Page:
Renewables: key points from the World Energy Leaders' Summit India

Posted on 20 February 2013

Over 80 energy leaders and ministers from 30 countries met at the World Energy Leaders’ Summit (WELS) in New Delhi, India on 5-6 February 2013. The objective of WELS, held twice a year in rapid growth countries, is to enable the WEC’s global energy leaders’ community to engage in an on-going, high-level dialogue to address critical energy challenges.

The New Delhi WELS offered a platform for energy leaders to explore solutions in order to energise social innovation as a key strategy for solving “Energy Trilemma”: finding the right balance between energy security, social equity and environmental impact mitigation. Renewables: Accelerating the Roll-out was a key topic and below is a summary of the key points addressed during the discussion.

Summary notes for the session Renewables: Accelerating the Roll-out

  • NEWS_Wind_Power_Village_IndiaGovernment policy is a very important factor in determining the energy future. Over the last ten years, we have tripled the supply of electricity. The origin of this demand is mostly from Asia. Coal in Asia will be significant, as and climate change accelerates. Renewable energy is still a very small part of the overall energy picture, but it is growing. Many technologies are used in most world countries to varying degrees, which makes this market dynamic. These regions are using many different methodologies to incentivise technologies, including FIT, mandates, financial incentives, etc.
  • Where are we in the cycle of renewables? Is the honeymoon over? Or is it the start of long-term stable development? Much of the development in renewables has, in the past, been in the OECD countries. The driver for the development was either technological development or energy security concerns, whereby we saw huge subsidies from governments to drive technological innovation. Therefore during times of recession when subsidies decreased, the industries either suffered or collapsed. From 2008, more and more renewable energies have shifted to the developing countries. This is good for two reasons: location is often better suited to renewable production (e.g. cheaper land and better access to sunshine for solar); secondly, there is less budgetary support and the technology therefore must be more efficient to succeed. The year 2012 was bad year for renewables, but it could be the start of new era of development. More work needs to be done on ground resource surveys for high quality data in order to lower tolerance rates and make investments more attractive.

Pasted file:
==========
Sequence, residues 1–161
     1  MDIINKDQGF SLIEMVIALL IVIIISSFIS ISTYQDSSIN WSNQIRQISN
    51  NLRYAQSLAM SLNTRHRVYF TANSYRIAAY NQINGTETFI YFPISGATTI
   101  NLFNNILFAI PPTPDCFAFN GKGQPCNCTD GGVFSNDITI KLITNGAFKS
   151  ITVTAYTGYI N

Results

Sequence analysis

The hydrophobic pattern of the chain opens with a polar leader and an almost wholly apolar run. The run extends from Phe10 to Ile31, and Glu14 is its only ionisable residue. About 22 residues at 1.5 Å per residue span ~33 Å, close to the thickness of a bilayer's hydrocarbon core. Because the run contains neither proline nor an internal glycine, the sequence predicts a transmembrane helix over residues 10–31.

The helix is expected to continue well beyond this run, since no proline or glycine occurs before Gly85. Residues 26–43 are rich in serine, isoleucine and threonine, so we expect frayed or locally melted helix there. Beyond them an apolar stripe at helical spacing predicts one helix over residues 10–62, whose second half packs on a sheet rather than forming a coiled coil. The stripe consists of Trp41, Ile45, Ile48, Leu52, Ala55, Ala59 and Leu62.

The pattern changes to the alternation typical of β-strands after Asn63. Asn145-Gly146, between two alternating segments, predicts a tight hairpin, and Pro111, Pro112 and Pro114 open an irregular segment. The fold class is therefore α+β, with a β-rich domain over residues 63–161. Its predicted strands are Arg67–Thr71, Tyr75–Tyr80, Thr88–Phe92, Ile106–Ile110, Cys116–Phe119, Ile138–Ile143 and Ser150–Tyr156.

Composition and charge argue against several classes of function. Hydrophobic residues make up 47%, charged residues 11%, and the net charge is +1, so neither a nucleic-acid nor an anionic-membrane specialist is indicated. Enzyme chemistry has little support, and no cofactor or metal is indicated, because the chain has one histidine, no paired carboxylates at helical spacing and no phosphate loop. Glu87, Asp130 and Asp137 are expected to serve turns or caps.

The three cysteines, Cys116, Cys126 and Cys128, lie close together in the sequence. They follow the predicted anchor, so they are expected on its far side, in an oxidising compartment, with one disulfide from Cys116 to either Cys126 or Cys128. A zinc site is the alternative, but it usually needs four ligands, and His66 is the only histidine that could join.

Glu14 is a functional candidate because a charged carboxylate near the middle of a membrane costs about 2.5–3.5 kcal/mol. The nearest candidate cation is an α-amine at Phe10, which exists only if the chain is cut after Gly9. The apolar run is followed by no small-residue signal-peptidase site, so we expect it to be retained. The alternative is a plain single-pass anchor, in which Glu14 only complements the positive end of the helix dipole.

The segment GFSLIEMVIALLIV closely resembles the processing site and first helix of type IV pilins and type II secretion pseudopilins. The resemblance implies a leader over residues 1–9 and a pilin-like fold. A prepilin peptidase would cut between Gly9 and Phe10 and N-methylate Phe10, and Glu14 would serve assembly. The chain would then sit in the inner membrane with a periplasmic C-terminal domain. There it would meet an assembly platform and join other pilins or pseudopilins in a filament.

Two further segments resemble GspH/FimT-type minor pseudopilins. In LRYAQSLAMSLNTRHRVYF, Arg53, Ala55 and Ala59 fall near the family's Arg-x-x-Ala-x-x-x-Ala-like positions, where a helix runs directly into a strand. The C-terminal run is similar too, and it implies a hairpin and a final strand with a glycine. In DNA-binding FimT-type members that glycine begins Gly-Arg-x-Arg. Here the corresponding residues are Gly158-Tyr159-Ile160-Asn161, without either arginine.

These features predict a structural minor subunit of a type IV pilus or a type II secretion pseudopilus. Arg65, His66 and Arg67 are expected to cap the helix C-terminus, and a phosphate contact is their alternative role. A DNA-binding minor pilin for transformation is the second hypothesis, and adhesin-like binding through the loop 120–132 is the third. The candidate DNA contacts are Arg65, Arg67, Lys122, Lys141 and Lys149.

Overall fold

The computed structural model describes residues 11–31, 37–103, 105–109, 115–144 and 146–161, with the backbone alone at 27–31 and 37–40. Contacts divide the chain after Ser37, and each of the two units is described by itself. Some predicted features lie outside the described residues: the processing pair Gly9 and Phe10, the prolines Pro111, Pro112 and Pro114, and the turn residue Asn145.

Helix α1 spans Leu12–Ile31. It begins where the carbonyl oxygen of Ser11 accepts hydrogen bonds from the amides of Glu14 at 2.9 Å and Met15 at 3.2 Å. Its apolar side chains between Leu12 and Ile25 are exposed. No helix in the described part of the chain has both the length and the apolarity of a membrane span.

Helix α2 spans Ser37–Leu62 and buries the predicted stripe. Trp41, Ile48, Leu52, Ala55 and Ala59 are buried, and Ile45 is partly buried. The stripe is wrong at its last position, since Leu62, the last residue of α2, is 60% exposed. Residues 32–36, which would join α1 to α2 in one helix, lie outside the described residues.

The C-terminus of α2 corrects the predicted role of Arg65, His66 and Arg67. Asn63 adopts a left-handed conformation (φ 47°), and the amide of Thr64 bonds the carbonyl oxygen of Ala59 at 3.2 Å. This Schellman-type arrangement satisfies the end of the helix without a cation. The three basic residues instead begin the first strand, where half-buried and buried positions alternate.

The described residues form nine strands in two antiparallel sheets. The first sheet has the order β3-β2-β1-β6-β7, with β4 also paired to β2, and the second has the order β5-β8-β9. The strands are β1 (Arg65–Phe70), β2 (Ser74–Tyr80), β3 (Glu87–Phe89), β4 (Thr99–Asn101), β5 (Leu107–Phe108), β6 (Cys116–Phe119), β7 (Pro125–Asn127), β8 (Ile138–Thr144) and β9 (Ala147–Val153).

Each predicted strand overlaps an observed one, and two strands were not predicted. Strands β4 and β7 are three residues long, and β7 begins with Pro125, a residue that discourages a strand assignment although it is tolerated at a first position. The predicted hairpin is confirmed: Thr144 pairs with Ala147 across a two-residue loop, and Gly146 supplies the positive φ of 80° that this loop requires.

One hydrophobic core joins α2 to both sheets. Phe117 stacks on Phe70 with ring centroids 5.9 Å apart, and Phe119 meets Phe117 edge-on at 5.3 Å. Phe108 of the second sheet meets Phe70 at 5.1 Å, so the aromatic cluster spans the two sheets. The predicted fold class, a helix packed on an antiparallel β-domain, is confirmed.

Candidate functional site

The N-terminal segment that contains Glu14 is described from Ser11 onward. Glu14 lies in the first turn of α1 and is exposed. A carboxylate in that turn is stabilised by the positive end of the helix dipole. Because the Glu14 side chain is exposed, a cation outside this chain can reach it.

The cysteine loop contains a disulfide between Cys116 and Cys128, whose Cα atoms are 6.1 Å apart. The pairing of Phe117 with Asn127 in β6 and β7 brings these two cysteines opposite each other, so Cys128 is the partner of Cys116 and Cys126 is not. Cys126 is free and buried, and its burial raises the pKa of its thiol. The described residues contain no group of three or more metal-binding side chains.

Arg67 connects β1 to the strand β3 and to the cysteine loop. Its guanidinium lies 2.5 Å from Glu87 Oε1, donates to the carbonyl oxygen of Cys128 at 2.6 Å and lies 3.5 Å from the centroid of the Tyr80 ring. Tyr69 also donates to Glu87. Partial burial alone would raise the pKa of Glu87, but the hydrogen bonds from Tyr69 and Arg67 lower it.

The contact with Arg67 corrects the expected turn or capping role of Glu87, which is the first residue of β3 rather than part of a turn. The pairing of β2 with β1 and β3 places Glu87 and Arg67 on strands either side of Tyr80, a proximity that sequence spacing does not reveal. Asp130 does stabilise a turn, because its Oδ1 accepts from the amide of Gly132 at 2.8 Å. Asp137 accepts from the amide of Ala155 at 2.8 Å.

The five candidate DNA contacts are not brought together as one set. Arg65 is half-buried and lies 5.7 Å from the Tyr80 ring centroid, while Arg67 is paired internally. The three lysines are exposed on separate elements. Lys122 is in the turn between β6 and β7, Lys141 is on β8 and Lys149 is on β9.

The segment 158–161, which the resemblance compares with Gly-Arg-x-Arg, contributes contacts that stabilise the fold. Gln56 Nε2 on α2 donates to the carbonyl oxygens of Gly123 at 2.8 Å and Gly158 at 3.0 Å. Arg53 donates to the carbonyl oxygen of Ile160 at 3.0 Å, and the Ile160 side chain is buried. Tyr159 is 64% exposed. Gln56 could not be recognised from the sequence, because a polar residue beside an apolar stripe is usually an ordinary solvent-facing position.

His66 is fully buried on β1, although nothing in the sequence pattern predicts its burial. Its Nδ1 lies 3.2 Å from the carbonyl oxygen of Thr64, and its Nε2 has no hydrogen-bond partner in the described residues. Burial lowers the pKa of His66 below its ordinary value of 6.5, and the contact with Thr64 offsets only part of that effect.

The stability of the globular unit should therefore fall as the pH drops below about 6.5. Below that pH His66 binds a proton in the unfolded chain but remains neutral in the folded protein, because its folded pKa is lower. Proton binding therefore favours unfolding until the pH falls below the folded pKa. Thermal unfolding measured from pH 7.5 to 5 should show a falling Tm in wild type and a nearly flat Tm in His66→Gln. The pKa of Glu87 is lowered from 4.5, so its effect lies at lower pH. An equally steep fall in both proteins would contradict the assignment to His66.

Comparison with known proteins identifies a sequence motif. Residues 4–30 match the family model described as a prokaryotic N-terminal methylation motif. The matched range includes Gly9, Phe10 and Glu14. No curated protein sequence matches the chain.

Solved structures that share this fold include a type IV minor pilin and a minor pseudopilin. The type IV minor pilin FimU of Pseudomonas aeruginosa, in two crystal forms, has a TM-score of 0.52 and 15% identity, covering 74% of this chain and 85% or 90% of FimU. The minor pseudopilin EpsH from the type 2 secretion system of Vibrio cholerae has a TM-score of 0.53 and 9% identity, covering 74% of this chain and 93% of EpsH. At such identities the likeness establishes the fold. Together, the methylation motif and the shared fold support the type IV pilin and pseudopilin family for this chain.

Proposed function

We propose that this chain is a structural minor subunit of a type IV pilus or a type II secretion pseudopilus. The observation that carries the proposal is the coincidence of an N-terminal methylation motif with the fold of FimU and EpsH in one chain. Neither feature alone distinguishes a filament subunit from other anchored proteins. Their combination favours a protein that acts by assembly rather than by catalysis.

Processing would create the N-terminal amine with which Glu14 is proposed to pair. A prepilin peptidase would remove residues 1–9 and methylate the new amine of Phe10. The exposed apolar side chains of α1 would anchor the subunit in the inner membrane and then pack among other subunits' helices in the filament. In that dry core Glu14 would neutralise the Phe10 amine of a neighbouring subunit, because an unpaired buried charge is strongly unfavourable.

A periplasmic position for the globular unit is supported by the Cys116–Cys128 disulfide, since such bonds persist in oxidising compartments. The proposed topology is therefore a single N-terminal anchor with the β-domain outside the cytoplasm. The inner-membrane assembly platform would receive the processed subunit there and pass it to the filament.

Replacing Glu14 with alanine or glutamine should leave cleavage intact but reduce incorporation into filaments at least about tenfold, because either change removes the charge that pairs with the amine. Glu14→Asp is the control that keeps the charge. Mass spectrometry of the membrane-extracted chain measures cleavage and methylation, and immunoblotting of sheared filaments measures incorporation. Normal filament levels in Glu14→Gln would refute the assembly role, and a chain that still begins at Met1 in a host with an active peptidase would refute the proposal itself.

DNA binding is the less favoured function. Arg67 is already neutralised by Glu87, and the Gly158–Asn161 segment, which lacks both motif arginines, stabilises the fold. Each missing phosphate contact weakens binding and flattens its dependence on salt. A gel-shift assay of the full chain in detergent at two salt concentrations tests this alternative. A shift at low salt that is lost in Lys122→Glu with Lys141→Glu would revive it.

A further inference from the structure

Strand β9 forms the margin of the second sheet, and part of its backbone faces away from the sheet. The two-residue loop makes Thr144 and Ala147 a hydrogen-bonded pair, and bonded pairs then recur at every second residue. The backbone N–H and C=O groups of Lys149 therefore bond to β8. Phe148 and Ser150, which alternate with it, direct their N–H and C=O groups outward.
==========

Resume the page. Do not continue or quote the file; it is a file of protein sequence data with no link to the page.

• What is the role of renewable energy in Africa? Namibia is in a region where no single country is self-sufficient. The governments of Africa acknowledge that they need security of energy supply for development. Africa is now discovering large amounts of fossil fuels; however, Africa also has some of the best conditions for renewables. The challenge is therefore to balance the use of fossil fuels and renewables, especially as renewables alone will not be enough. Electricity is a vehicle to development in Africa and yet African countries are very large with small and scattered populations. They are looking at mini-grids to see if modern energy can be extended to these scattered populations. They need to decide what comes first – affordability or accessibility?